Army translator bridges U.S., Islamic cultures
February 13, 2007
TIKRIT, Iraq — A hungry American soldier wanted to take food back to his room. He was unsure if he should, however, while sharing quarters with Iraqi army recruits during the Muslim holy month of Ramadan.
He turned to “Spc. Selena” for advice. She told the soldier that “these people were fasting and it would be rude to eat in front of them,” she recalled. The soldier took his chow to the front seat of a Humvee, instead.
At a time when the U.S. military is desperately recruiting soldiers fluent in Arabic and steeped in Islamic culture, Selena, 26, is a rarity. Originally from Morocco, she is a native Arabic speaker and a Muslim, two traits not often found in the American armed forces. Her job is to translate for the 25th Infantry Division on Camp Speicher in northern Iraq. But along the way she also has served as a bridge between two cultures separated by the wire and war.
Few people in the military fit Selena’s profile. As reported in Reuters, the Pentagon lists 3,386 Muslims in active service, a fraction of the 1.22 million soldiers who identify themselves as Christians. With soldiers not required to declare their religion, some estimates place the number of Muslims in the military more around 10,000, still a small percentage.
Selena is not her real name. Her true name is a guarded secret for fear that radical Islamists may target her family. That danger was underscored recently by an alleged plot in the United Kingdom to kidnap a British Muslim soldier after a fatwa was posted on the Internet declared it against the religion for a Muslim to “fight under the banner of kuffar,” or nonbelievers.
The clerics who make such proclamations do not know the true meaning of Islam, Selena said. “[The word] Islam, if you translate it into English, it means ‘peace,’ ” she said. “Terrorists can be Christian, they can be Muslim. If you know the true meaning of Islam, then you don’t judge people because of their religion, you judge them by their actions.”
Her family supported her decision to join the U.S. Army, though they feared for her safety in Iraq, she said.
“They did not have any problem with my decision,” she said. “They just don’t want me to get hurt.”
If she is a rare recruit, she was initially viewed as an outright oddity by the Iraqis she encountered in the outlying communities near Camp Speicher. It wasn’t a question of allegiance, but of conservative cultural attitudes that questioned a woman’s place in society. For many, “it was the first time they had seen a female in uniform, carrying a weapon,” she said. “They didn’t like the idea of an Arabic woman working.”
In her first months, many of the local farmers and townspeople peppered her with questions, she said: Are the Americans really here to help? Do the Americans hate Muslims? How do the Americans feel toward Arabs?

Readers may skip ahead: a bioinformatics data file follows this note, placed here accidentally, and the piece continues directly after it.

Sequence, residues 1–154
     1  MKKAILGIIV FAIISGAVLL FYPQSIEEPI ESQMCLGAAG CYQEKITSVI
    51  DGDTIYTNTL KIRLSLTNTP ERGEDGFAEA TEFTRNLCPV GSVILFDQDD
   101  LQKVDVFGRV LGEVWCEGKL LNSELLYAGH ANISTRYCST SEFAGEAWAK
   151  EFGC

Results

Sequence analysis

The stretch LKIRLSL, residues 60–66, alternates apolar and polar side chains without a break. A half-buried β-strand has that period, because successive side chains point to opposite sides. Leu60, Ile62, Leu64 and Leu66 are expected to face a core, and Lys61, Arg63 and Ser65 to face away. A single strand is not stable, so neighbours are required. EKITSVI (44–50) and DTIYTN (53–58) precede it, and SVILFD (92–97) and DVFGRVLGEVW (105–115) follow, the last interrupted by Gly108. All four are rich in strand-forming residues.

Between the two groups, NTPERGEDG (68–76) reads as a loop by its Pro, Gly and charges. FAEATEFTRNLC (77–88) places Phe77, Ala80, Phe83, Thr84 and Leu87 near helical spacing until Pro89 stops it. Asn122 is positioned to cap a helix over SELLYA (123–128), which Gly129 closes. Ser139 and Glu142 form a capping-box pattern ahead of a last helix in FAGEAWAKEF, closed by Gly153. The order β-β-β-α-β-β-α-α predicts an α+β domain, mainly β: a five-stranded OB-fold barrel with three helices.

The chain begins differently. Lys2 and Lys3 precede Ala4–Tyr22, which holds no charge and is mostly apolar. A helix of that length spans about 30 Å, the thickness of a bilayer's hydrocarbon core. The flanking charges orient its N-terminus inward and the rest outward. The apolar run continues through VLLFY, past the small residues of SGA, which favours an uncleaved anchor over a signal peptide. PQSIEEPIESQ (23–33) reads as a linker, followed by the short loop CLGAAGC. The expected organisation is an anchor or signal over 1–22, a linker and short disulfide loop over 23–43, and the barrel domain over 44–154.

In that regard, Selena’s special skills were a boon. Though possible for non-native speakers to learn Arabic, it is much more difficult to achieve fluency in the different dialects and forms of speech that differentiate, for example, a poor farmer in Tikrit from a college professor in Baghdad. She is able to adopt the different accents and slang, making communication easier, she said.
“The trust built up a lot,” she said. “Once [Iraqis] realized we were here to help, they helped us,” she said.
But Selena is not only educating people outside the wire. She has encountered ignorance on base, as well.
“I have talked to many people who just don’t know anything about Islam,” she said. “I have to tell them there is no connection between violence and the religion.”
Some of those fears were magnified after Army Sgt. Hasan Akbar, formerly of the 101st Airborne Division’s 326th Engineer Battalion, killed two soldiers and wounded more than a dozen others on the eve of the U.S. invasion of Iraq in 2003. Akbar has since been sentenced to death.
At the same time, some Muslim advocacy groups in the U.S. have reported a rise in bias attacks against members of their faith.
Given her experience, Selena is hopeful of a greater understanding of Islam in the West and the possibility of peace in the Arab world.
“There are (at Camp Speicher) American Muslims, there are African-American Muslims, Puerto Rican Muslims,” she said. “Islam does not have a specific background. It doesn’t belong to Arabic people. And I still believe Americans and Arabs can live in peace.”
When her time in the Army is done, she hopes to open a school in Africa to help counter some of the radical institutions that take advantage of the poverty and ignorance to instill in their pupils violence and hatred.
“I believe the kids are the future of our country. They are the future of the world,” she said.